To be widely recognized by Canadians as a unique, premium, nation-building multi-sport

         To be widely recognized by national sport organizations and governments as a significant
         contributor to the success of Canadian Sport for Life (CS4L).

The Principles that Govern Technical Packages are founded in the above strategic goals, as well
as the values and operating principles contained in the CGC’s strategic framework (see section 2
of the CGC Stakeholder Reference Manual).

1. Classification

    a. Age categories are to be in the “training to compete” phase of the NSO’s Long Term
       Athlete Development model, or other suitable phase of Long Term Athlete Development
       as justified by NSO, approved through its accepted governance structure and/or decision-
       making processes, and then approved by the Canada Games Council’s Sport

    b. Single national age groups within a sport are preferable, unless the NSO can prove
       multiple age categories within a sport competition can benefit the NSO’s LTAD model.

    c.   NSOs are responsible for setting the age group, including the minimum age, based on
         technical rationale and the best fit of the Canada Games in the NSO's athlete
         development model. The CGC advises that if an NSO chooses to set a minimum age, the
         minimum age must be based on an objective element or, where no such element exists,
         the NSO must establish a review mechanism to consider for exceptional cases (or
         Human Rights violations may be brought forward to the NSO by the ineligible athlete). If
         exceptional cases are reviewed and approved, the athlete in question must sign a waiver
         saving harmless the Council, NSO, and Host Society from any physical or emotional

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         harm sustained by the athlete through the course of normal training and competition for
         the Games.

    d. Within the given age group selected by the NSO, the best athletes of that particular age
       should be permitted to participate (with the exceptions listed in principle #2, below).

2. Eligibility

    a. With the more specific alignment of ages in the “training to compete” phase of LTAD, the
       CGC will no longer impose ability restrictions or amateurism regulations so that the best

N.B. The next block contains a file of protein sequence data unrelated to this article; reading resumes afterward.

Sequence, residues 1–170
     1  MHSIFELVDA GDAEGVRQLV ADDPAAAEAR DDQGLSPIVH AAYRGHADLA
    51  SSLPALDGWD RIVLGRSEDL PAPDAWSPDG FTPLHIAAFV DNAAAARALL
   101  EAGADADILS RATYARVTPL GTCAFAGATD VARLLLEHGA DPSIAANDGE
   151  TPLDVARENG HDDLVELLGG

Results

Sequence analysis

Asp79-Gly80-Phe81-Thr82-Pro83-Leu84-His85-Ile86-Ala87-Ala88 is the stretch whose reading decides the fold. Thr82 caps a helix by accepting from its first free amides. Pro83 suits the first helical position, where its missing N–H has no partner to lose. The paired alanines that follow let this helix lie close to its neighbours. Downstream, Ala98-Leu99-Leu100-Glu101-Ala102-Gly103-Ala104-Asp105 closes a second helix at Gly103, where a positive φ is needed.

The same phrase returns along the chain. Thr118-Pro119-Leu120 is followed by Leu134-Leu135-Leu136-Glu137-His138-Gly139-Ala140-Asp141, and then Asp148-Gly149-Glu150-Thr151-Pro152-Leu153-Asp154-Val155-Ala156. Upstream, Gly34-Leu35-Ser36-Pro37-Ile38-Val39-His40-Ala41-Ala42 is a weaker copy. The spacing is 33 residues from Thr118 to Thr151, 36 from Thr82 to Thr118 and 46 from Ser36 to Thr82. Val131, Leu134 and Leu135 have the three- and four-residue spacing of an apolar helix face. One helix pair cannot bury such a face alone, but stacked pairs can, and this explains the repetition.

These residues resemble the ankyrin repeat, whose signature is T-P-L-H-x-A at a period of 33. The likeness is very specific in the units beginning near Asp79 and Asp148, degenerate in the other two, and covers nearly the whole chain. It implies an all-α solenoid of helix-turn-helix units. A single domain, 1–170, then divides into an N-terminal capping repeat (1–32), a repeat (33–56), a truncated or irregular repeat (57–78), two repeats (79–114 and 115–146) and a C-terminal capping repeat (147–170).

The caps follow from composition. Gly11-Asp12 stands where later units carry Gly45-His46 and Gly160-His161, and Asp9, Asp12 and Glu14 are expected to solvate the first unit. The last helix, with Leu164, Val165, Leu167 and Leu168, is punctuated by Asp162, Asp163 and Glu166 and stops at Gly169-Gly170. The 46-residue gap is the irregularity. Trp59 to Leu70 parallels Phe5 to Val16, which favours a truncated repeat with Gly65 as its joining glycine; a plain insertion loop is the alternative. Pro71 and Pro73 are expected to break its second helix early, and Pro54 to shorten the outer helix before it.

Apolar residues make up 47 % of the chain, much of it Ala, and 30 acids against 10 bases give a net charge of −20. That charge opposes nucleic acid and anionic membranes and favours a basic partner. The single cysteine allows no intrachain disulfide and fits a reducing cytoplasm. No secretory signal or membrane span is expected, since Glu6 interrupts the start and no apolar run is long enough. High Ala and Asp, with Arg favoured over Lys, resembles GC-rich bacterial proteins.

of age can compete at the Canada Games. Carded athletes, national senior team
       athletes, athletes who participated at major Games, athletes who may have signed a
       professional contract, etc. are no longer automatically excluded from the Games. NSOs
       may choose to include ability restrictions or amateurism regulations, but will no longer
       have these restrictions automatically imposed by the CGC.

    b. Carding, national team status, or participation in a major Games, etc. refers to the
       specific sport in question only (ie: if an athlete carded in swimming wishes to participate
       in diving at the Canada Games, where diving includes a carding restriction, that athlete is
       deemed eligible if the card is not from the sport of diving).

    c. Athletes must be registered members in good standing of their sport’s
       Provincial/Territorial Sport Organization (P/TSO) under the terms of principles (d) and
       (e) below.

         (NOTE: In exceptional circumstances, an athlete in a given sport within a province or
         territory with no recognized P/TSO for the sport may be named to the P/T Canada
         Games team based on established criteria developed by PT Government and agreed to
         by the CGC and NSO. The established criteria should include, but is not limited to the
         following: the athlete is an active member of an established club, is being coached by
         a NCCP certified coach (preferably with Competition Development or Level 3
         certification), is competing in Regional, Provincial and/or National level competitions
         and is adhering to a monitored yearly training plan. The criteria may also include
         other measures as developed by the respective P/T).

    d. The P/TSO must be recognized and/or funded by the P/T government, subject to